While researching his forthcoming book — Heart, Smarts, Guts, and Luck — co-author Anthony Tjan made a fascinating discovery: a surprising number of company founders and business-builders attribute much of their success to luck.
There are ways that leaders create their own luck, as listed on the innovation leadership companion post on Innovations & Institutions, Will it Blend. Becoming disconnected on the way to the top, as co-author Anthony Tjan describes, is one way for leaders to lose their luck.
Almost 25% of those we surveyed came out as "luck-dominant" on the Entrepreneurial Aptitude Test we devised; many more gave luck at least partial credit.
...Here's the paradox: Once they have made it to the top — after they've reached high levels of entrepreneurial or corporate success — leaders often become disconnected from the crucial lucky qualities and relationships that helped get them there in the first place. By definition, the top is less of a journey and more of an arrival point. A newfound reputation is difficult to risk.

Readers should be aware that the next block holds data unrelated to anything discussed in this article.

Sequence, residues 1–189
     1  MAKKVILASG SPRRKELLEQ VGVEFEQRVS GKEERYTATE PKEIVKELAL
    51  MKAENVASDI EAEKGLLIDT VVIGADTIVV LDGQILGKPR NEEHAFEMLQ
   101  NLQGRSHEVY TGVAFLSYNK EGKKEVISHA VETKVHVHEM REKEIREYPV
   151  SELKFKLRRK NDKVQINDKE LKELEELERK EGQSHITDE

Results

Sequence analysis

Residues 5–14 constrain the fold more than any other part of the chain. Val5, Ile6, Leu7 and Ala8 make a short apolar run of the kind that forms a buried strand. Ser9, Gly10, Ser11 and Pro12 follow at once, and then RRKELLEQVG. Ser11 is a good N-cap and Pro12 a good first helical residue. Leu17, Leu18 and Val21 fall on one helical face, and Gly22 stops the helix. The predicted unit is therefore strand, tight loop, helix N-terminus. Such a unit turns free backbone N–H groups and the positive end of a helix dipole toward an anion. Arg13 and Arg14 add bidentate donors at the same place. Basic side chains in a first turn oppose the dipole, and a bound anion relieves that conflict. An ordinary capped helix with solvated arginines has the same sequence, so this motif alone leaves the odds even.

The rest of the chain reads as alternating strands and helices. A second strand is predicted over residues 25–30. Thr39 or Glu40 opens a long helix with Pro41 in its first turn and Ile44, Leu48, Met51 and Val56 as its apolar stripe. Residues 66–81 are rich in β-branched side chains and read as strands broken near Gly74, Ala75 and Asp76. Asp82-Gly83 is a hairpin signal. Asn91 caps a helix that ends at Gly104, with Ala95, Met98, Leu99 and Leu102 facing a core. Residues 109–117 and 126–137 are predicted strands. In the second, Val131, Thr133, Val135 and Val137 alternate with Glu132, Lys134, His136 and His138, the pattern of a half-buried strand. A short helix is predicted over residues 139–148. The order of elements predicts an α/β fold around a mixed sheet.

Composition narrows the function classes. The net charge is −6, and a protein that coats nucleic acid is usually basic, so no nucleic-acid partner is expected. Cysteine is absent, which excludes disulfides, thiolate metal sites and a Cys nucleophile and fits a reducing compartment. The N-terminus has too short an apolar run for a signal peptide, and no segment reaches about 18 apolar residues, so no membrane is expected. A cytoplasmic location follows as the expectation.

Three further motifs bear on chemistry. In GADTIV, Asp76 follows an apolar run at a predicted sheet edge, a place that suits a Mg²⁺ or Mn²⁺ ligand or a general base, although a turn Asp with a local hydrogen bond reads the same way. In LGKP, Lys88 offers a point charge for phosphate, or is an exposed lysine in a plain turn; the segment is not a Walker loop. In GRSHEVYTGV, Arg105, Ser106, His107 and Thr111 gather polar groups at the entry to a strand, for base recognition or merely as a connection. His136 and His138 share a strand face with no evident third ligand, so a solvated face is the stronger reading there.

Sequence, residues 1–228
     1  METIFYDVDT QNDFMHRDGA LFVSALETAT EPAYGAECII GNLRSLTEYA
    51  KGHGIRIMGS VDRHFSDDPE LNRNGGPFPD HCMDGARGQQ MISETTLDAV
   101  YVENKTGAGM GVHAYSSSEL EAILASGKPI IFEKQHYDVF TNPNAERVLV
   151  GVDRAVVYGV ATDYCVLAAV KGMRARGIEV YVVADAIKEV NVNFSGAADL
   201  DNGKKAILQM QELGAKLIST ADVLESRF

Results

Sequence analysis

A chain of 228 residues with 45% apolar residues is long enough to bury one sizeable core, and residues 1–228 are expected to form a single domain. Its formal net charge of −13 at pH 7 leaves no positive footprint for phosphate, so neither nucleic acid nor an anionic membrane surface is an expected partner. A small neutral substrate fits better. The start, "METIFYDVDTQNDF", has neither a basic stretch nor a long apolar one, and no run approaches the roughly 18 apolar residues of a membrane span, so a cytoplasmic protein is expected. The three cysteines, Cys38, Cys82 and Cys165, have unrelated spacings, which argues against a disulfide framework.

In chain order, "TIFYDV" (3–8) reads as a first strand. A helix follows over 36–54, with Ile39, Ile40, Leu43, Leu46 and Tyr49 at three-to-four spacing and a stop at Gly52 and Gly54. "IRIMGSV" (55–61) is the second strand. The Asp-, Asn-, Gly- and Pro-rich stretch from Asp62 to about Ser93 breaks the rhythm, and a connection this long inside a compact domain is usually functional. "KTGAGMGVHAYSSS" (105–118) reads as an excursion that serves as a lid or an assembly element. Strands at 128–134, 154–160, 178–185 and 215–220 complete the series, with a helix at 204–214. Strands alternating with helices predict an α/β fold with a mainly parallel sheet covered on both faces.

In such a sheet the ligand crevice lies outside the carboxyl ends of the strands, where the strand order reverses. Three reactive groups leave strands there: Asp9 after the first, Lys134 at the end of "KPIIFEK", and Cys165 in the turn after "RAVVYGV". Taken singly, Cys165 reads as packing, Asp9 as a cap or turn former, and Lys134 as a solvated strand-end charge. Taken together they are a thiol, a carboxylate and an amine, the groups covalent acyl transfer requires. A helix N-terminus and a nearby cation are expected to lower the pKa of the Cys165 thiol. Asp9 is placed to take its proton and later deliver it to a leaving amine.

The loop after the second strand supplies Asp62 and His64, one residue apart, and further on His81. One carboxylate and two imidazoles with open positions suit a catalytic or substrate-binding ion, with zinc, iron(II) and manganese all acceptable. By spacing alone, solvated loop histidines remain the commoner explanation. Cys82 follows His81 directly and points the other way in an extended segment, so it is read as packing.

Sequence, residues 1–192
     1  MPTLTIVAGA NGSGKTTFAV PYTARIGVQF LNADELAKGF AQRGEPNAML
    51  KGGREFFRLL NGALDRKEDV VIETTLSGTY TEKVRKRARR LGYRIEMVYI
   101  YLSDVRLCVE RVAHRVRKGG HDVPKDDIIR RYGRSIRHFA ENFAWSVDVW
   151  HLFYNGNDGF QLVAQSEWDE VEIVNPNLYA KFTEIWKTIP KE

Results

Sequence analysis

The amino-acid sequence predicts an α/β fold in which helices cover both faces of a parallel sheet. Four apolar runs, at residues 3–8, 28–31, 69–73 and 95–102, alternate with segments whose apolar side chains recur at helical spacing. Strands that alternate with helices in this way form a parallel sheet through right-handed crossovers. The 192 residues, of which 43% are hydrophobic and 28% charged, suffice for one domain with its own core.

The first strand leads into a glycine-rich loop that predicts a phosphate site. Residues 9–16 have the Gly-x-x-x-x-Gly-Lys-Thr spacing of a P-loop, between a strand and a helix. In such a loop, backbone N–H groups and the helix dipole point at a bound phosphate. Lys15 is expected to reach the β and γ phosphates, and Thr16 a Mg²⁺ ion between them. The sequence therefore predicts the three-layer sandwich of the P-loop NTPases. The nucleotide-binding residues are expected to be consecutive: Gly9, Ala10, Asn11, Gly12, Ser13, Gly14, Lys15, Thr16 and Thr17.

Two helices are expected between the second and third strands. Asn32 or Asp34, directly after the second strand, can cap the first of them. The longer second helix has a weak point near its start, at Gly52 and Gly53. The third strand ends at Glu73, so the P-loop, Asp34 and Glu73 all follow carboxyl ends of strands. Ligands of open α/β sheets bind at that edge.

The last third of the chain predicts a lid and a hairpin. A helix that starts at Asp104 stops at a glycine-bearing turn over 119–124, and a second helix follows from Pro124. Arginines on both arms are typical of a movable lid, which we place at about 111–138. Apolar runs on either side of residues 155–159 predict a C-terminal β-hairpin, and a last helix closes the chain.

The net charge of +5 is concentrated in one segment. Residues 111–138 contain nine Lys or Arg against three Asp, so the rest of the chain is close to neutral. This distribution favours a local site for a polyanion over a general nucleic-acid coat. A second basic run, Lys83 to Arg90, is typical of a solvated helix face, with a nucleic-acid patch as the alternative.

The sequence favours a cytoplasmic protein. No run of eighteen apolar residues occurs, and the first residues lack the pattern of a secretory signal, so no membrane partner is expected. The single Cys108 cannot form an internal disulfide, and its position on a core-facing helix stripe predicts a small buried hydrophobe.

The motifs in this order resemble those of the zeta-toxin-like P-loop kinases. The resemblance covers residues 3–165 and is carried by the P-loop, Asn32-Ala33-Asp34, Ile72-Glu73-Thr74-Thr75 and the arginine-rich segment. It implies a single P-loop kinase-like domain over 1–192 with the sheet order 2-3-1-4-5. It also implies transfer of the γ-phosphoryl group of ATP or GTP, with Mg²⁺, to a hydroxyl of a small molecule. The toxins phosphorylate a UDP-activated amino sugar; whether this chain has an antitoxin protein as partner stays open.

We've identified seven attributes, and they are among the most difficult ones for leaders to master and maintain. They are: humility, intellectual curiosity, optimism, vulnerability, authenticity, generosity, and openness.
The post defines these and begs the question:
How do leaders reconnect to the reality, attitude, and relationships that can sustain and take their company's excellence to a new place?
Author: Anthony Tjan is CEO, Managing Partner and Founder of the venture capital firm Cue Ball and vice chairman of the advisory firm Parthenon.